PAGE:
Skip to 0 minutes and 4 secondsSTEVEN VAUGHAN: I'm in the city of London and outside the law firm Bevan Britain. We're going to go inside and speak with Iain Miller, a lawyer who advises other lawyers and the legal services regulators on questions of legal ethics and lawyer misconduct. Iain, thanks so much for agreeing to speak with us today. Can you start us off by telling us a little bit about your practice, please, and the sort of work that you do.
Skip to 0 minutes and 25 secondsIAIN MILLER: I'm head of regulation at Bevan Britain. My background is I started off as a commercial litigator. I have over the years become increasingly involved in public law and the regulation of professionals, particularly lawyers. So a large proportion of my practice involves advising regulators, such as the SRA, the Bar Standards Board in [? Silex, ?] and also acting on behalf of law firms and other individuals in relation to the legal services regulatory framework.
Skip to 0 minutes and 56 secondsSTEVEN VAUGHAN: If you think about the cases that you work on, do you see any patterns? Are there any common indicators that make lawyers more or less likely to be unethical?
Skip to 1 minute and 4 secondsIAIN MILLER: I mean, my view over the years is that, broadly, lawyers who have behaved unethically fall into two categories. The first is those who are frankly, fundamentally dishonest and lack any moral compass. An example of that is a case I did number of years ago where a solicitor would get instructions from a client in relation to an accident at work. He would then go off and make a claim on behalf of the client against the company or the insurers. And then, when they made an offer of, for the sake of an argument, 100,000 pounds, he would say to his clients, great news, I've got an offer of 10,000 pounds, which I think you want to accept.
Skip to 1 minute and 47 secondsAnd he would effectively keep the difference between those two sums. Those types of lawyers thankfully are few and far between, but they, frankly , lacked the moral compass to be lawyers in the first place. There are then those who, through some form of pressure, end up doing things which they shouldn't do. And sometimes, at the time, they know they shouldn't do. So, for example, they might be suffering from financial difficulties and decide that using the client account to tide them over briefly thinking they can pay that money back is a good thing to do, but end up digging themselves further and further into a hole.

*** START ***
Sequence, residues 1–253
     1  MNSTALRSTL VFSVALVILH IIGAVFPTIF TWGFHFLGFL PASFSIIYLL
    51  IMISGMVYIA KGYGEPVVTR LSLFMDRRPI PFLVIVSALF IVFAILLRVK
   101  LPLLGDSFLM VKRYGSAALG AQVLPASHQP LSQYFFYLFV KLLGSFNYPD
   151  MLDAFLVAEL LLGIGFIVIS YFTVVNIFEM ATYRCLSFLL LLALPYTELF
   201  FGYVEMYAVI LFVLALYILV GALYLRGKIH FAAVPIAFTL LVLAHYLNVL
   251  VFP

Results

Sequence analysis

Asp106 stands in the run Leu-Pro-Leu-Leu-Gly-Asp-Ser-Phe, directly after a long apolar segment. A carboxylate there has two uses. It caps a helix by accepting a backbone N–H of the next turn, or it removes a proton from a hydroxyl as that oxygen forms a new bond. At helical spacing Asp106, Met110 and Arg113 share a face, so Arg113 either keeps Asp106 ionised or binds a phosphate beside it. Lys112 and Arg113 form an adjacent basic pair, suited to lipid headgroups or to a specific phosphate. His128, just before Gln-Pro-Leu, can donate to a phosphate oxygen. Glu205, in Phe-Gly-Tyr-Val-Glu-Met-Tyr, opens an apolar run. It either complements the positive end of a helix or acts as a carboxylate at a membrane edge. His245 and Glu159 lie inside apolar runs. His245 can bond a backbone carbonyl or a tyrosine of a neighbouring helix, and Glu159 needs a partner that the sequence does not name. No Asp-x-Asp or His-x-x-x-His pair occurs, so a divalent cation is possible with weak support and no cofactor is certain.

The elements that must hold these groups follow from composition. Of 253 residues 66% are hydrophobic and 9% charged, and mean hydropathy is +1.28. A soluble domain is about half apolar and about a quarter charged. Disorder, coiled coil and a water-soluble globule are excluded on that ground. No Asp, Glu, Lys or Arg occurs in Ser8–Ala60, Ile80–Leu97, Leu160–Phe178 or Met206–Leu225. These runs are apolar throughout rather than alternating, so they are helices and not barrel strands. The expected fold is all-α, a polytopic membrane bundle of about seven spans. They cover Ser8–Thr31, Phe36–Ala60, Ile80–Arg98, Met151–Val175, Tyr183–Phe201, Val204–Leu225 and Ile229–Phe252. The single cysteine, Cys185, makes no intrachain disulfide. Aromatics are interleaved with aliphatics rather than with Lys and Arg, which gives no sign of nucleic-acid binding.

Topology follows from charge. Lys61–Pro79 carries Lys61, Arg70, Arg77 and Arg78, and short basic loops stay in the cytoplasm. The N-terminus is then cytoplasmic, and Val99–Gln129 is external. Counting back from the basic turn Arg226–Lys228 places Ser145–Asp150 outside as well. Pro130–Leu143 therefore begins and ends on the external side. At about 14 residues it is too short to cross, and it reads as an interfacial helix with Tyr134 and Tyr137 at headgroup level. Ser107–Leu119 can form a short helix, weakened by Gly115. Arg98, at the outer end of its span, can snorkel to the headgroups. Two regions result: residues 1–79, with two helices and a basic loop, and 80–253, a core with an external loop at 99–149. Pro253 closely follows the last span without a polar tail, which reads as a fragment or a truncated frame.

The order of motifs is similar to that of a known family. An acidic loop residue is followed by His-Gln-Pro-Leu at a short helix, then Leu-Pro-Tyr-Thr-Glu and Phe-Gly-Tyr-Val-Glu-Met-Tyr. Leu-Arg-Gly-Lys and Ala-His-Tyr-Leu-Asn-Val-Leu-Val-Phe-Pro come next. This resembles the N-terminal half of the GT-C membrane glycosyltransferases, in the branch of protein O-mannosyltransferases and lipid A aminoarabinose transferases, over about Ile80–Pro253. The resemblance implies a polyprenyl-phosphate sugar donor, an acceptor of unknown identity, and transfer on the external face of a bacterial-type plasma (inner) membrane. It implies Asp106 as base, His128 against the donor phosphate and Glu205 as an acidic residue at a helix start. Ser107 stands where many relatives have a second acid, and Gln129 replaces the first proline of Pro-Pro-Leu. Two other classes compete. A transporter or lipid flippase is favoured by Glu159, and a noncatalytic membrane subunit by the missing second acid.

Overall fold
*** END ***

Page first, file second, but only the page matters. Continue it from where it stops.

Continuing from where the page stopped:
Skip to 2 minutes and 27 secondsOr becoming involved in transactions which they know don't feel right and seem a little odd, but there's money involved, and therefore they think that that's the best way of trying to cure their financial problems. And there are those who perhaps make a mistake and don't feel as if they can hold their hands up and accept responsibility for that mistake and try and cover it up. There's quite a number of cases where, for example, solicitors have had their client's cases struck out by missing a deadline.
Skip to 2 minutes and 57 secondsBut rather than saying to the client that they've made a mistake, they cover it up by making up court orders and letting the matter run for a couple of years before finally, it all comes out. And at that stage they didn't obviously set off to do that deliberately, but nonetheless they took the wrong route somewhere along the path.